Spy Tapes: What did the court find?

2016-04-29 17:26
(Jenni Evans, News24)

(Jenni Evans, News24)

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TIMELINE: Corruption charges, Spy Tapes and court appeals

2016-04-29 15:53

The case of corruption against President Jacob Zuma has run hot and cold since 2007. On Friday the North Gauteng High Court over-ruled a decision to drop the charges.WATCH

Pretoria - After a seven-year battle by the DA, the High Court in Pretoria on Friday ruled that the decision to discontinue the prosecution against President Jacob Zuma should be reviewed and set aside.

The full bench of the court found Zuma should face the 783 charges of corruption.

On April 6 2009, then-NPA head Mokotedi Mpshe said recordings of telephone conversations between then-Scorpions boss Leonard McCarthy and former NPA boss Bulelani Ngcuka, showed political interference in the decision to charge Zuma.

The charges were withdrawn in the High Court in Durban on April 7 2009.

What the court found:

- Zuma should face corruption charges 

Deputy Judge President Aubrey Ledwaba said Mpshe was under pressure and so decided to discontinue the prosecution against Zuma.

"Considering the situation in which he found himself, Mr Mpshe ignored the importance of the oath of office which demanded of him to act independently and without fear or favour," he said.

"Mr Zuma should face the charges as outlined in the indictment."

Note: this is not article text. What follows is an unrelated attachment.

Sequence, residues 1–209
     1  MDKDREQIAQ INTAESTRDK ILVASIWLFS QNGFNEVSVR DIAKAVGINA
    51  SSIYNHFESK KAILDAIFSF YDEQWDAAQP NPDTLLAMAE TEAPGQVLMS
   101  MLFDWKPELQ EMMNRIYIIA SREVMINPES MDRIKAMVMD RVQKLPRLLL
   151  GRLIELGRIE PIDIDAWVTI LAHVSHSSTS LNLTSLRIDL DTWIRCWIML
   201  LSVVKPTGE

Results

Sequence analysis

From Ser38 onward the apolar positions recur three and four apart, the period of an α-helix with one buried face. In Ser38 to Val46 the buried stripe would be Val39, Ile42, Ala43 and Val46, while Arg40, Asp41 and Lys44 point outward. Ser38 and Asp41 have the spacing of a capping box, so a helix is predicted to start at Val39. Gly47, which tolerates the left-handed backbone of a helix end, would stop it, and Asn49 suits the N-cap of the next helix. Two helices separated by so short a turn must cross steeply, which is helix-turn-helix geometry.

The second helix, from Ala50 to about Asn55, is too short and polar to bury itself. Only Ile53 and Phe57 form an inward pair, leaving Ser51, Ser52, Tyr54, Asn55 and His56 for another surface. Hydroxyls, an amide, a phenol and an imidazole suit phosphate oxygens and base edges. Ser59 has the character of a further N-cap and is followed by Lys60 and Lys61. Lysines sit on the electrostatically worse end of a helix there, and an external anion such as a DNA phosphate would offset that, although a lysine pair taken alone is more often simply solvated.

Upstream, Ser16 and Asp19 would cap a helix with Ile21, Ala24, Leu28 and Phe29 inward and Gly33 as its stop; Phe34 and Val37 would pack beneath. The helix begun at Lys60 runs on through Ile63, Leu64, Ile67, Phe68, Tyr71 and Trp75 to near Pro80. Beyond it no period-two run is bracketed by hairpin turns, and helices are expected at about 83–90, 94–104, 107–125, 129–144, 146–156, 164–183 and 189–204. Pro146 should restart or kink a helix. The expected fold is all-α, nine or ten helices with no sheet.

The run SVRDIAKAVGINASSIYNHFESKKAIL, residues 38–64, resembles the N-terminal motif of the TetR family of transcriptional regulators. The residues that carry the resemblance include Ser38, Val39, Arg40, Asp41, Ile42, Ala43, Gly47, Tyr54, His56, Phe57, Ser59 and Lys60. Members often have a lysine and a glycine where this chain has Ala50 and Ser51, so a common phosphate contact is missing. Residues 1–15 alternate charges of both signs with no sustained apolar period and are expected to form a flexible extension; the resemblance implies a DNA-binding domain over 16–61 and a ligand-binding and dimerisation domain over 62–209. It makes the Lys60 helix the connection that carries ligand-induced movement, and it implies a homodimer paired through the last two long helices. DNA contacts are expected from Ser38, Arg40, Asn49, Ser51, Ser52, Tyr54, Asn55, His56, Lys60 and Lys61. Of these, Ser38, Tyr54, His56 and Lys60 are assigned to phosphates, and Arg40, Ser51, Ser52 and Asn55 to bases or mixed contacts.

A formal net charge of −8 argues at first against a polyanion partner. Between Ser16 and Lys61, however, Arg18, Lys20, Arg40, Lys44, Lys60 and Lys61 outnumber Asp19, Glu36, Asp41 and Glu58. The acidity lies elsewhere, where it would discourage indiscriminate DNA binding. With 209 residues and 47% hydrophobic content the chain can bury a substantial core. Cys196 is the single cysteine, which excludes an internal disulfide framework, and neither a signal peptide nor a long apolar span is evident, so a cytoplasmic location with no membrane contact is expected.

- Mpshe's decision was irrational

When Mpshe announced that he was dropping the charges, he did so without having discussed it with senior NPA members.

Ledwaba said this was critical, considering that on March 31 2009, they discussed the matter and agreed to continue the prosecution.

"Failure to source their views under the circumstances was irrational," he said.

Mpshe did an about-turn on his decision to prosecute Zuma after listening to the tapes himself, before he had been briefed on their contents.

"The record reflects that he still held the view that the prosecution must continue. His sudden inexplicable turnaround on this matter is clearly irrational," said Ledwaba.

- Mpshe was under pressure

Zuma's counsel said they needed a response about his prosecution from the NPA because he was due to be sworn in as president of the country within a few weeks, in May 2009.

"Mr Mpshe was subjected to such pressure that he could not afford the time and space to properly apply his mind on the implication of what he was about to do," Ledwaba said.

- Mpshe's feelings of anger and betrayal caused him to act impulsively

Ledwaba said Mpshe, in his own words on April 1 2009, stated that he felt angry and betrayed, which caused him to act impulsively and irrationally.

"He did not allow himself time to consider the question whether the very decision he was about to take could be regarded by other people facing similar charges throughout South Africa, as a breach of the principles of equality before the law, or that it would be an abuse of process to discontinue charges against people of high profile or standing in the community."

Read more on:    bulelani ngcuka  |  jacob zuma  |  pretoria  |  zuma spy tapes  |  spy tapes

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